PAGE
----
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Pub sets up men’s only mental health group to combat age-old stereotypes

PUBLISHED: 18:15 26 September 2020 | UPDATED: 18:15 26 September 2020

Penny Youngs-Debnam and Dwayne Debnam, landlords of The Kingfisher pub in Chantry, have rented an allotment to help start a new group which supports men with mental ill health. With them is Rex Manning. Picture: SONYA DUNCAN

Penny Youngs-Debnam and Dwayne Debnam, landlords of The Kingfisher pub in Chantry, have rented an allotment to help start a new group which supports men with mental ill health. With them is Rex Manning. Picture: SONYA DUNCAN

Archant 2020

A popular Ipswich pub has set up a new group in the hopes of getting more men to discuss their mental health.

Penny Youngs-Debnam and Dwayne Debnam have started the new group at Chantry's Kingfisher pub. With them is Rex Manning, who will be part of the group overhauling an allotment. Picture: SONYA DUNCANPenny Youngs-Debnam and Dwayne Debnam have started the new group at Chantry's Kingfisher pub. With them is Rex Manning, who will be part of the group overhauling an allotment. Picture: SONYA DUNCAN

The Kingfisher pub in Chantry set up the group earlier this month in a bid to combat stereotypes that men should not open up about their emotions and insecurities.

Landlady Penny Youngs-Debnam said she was inspired to start the group after seeing an increasing number of customers approach her for mental health advice – exacerbated by the coronavirus lockdown.

Mrs Youngs-Debnam, who has previously stayed up as late as 5am to talk with customers about their problems, said: “Running a pub, I often get men speak to me and open up about what is going on in their lives.

“So many of them say they can’t speak to their partners or their friends as all they tell them to do is to ‘man up’ or to ‘get on with it’.

“Even during lockdown I noticed my husband wasn’t feeling himself and it made me think about how many other men may be feeling that way.”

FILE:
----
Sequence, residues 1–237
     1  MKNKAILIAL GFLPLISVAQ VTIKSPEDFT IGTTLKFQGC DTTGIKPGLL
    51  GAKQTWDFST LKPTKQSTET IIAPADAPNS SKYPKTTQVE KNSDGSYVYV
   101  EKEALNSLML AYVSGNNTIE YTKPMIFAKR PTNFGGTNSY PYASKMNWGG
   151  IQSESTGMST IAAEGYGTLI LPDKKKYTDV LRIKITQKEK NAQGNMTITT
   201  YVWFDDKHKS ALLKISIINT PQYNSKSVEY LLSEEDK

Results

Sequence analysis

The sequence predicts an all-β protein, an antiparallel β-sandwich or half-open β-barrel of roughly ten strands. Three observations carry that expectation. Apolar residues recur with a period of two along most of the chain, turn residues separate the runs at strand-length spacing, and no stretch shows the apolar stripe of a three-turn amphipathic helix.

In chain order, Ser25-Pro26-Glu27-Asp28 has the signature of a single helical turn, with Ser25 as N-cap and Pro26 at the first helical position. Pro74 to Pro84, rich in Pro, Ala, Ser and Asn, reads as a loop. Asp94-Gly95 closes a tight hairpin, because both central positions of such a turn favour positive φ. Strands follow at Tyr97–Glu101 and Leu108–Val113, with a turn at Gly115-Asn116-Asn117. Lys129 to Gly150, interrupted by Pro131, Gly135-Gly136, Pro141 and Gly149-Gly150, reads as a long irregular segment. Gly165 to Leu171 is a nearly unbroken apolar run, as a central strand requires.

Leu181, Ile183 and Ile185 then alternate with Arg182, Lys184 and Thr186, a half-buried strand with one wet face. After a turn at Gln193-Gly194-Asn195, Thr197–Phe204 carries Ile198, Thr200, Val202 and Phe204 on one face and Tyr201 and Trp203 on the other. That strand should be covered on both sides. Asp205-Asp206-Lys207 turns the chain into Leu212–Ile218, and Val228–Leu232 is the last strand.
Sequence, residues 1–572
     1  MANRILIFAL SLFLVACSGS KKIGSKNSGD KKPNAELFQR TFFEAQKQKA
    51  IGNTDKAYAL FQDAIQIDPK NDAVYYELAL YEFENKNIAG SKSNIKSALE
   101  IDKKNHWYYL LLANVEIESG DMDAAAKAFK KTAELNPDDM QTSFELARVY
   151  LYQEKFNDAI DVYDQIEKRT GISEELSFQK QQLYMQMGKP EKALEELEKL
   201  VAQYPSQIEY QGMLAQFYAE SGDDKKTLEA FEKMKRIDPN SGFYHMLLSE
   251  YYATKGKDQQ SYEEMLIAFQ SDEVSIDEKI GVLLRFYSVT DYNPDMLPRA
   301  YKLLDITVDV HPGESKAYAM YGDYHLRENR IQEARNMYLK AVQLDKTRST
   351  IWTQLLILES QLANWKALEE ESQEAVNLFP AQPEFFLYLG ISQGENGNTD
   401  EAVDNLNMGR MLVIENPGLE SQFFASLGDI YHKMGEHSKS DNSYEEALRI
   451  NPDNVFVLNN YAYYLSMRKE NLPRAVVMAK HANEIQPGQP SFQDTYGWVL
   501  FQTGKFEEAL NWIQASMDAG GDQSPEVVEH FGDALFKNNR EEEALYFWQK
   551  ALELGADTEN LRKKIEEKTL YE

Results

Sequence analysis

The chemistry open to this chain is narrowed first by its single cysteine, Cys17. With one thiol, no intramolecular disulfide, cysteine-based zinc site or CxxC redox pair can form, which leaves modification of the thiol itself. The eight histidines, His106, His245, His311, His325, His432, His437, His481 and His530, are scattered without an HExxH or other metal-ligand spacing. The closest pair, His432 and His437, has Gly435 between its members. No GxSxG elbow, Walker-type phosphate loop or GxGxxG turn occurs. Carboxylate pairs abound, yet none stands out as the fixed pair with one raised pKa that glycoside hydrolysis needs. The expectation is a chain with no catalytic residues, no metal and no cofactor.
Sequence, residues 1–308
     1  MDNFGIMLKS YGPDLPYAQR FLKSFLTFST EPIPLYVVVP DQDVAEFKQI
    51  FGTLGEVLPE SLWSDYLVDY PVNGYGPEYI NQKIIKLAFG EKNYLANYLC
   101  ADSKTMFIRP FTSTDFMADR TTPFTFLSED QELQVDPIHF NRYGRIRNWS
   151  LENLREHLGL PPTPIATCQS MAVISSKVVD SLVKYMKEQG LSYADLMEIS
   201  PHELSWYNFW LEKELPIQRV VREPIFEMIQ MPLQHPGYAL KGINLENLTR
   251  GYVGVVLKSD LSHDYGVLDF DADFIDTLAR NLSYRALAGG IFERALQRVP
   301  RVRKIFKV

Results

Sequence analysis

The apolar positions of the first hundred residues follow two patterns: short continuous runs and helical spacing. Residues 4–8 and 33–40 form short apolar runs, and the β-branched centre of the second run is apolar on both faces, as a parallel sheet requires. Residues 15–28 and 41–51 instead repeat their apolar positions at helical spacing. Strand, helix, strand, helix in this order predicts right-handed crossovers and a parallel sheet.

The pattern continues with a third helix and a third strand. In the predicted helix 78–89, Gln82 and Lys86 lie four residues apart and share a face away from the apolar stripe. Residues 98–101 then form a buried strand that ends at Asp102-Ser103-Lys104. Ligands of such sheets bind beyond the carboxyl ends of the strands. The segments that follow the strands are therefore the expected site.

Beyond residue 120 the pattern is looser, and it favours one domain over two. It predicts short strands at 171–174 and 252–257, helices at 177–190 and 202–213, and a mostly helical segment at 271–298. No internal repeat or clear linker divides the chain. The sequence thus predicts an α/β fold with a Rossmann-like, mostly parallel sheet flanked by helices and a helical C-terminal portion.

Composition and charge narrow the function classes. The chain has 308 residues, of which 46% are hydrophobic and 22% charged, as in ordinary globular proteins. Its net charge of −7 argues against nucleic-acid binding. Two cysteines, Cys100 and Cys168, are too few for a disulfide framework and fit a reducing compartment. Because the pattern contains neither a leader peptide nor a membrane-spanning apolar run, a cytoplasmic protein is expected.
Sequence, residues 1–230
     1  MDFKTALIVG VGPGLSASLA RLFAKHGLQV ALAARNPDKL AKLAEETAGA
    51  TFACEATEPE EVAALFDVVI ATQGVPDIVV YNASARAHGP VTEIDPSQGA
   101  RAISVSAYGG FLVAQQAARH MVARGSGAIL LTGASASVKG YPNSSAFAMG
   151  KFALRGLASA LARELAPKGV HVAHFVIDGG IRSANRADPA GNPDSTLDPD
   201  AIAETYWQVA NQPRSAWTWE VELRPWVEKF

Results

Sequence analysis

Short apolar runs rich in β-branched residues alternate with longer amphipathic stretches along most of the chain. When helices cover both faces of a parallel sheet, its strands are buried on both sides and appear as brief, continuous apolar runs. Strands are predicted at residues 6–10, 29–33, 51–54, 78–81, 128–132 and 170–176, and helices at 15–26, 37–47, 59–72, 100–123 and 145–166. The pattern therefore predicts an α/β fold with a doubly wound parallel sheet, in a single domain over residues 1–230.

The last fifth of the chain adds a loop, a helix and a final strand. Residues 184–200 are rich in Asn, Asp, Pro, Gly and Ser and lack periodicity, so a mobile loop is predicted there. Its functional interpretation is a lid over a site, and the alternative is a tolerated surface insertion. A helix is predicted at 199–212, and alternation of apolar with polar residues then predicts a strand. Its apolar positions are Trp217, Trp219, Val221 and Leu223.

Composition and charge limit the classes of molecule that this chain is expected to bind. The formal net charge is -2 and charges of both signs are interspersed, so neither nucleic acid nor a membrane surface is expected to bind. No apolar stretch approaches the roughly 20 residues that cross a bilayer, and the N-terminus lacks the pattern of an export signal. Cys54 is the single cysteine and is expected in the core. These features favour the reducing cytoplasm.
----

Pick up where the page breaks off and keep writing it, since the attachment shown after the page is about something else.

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Mrs Youngs-Debnam then contacted Ipswich MP Tom Hunt for support to help start the group, and approached friends Donna, Emma, Sianne and Rex to help run it.

Now with 13 members, the group is starting its own allotment, which it hopes to use as a source of therapy for the men, while also using it to grow food to cook at meetings or sell to raise money.

“When you work, you forget about things,” Mrs Youngs-Debnam added. “And when you really get into it, you start talking.

“If we can get a group of men together, working, chatting and having a cuppa then they can start to rely on each other.

“If we can only help one person, then that’s all that matters in this moment in time.

“Men are ‘meant’ to be these superior creatures, the ones who provide and look after others – and for so many men they feel weak when they say they are suffering.

“We need to get that message out there that they aren’t weak. It is ok to feel low, to struggle.”

Those who wish to join the group, or who have any tools and equipment they would like to donate to the allotment, can find more information on the pub’s Facebook page.


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